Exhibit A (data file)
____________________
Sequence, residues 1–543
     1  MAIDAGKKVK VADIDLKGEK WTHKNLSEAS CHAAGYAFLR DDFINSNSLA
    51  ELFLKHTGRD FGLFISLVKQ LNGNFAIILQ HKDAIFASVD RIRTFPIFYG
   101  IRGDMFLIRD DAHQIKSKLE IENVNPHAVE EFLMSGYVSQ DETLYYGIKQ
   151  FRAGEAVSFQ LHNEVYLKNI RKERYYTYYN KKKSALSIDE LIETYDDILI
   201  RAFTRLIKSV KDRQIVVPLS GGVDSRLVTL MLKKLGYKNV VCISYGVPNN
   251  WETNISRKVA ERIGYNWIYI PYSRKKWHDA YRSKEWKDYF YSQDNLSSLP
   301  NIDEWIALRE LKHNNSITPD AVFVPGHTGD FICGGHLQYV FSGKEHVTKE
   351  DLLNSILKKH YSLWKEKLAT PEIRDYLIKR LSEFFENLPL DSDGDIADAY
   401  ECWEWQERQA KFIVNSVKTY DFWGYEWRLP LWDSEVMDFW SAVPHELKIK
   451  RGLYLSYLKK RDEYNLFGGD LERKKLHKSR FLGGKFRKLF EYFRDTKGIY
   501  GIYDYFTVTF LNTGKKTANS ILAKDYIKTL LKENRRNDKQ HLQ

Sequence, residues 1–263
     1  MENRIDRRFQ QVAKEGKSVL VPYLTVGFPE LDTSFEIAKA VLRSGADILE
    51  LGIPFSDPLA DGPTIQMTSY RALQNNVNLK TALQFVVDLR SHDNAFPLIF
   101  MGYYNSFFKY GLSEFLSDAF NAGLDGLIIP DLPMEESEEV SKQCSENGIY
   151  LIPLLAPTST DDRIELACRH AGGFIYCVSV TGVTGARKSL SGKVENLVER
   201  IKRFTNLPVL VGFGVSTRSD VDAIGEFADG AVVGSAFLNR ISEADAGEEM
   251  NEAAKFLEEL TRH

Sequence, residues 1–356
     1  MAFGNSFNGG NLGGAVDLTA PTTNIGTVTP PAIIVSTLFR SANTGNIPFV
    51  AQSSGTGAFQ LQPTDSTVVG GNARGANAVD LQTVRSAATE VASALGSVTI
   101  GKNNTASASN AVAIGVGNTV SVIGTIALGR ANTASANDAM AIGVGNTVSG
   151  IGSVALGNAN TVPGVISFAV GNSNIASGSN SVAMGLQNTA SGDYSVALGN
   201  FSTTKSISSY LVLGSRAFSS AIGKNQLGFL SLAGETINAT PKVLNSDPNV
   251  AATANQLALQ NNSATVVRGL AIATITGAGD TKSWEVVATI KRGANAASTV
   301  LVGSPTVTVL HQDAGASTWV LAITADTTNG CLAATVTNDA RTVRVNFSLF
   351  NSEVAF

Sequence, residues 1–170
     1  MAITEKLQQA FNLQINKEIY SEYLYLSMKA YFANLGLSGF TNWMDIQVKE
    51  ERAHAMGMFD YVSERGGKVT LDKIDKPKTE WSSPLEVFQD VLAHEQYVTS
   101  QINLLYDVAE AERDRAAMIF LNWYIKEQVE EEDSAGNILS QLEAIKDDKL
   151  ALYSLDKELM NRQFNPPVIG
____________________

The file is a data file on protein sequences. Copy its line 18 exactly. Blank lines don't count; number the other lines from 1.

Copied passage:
   201  IKRFTNLPVL VGFGVSTRSD VDAIGEFADG AVVGSAFLNR ISEADAGEEM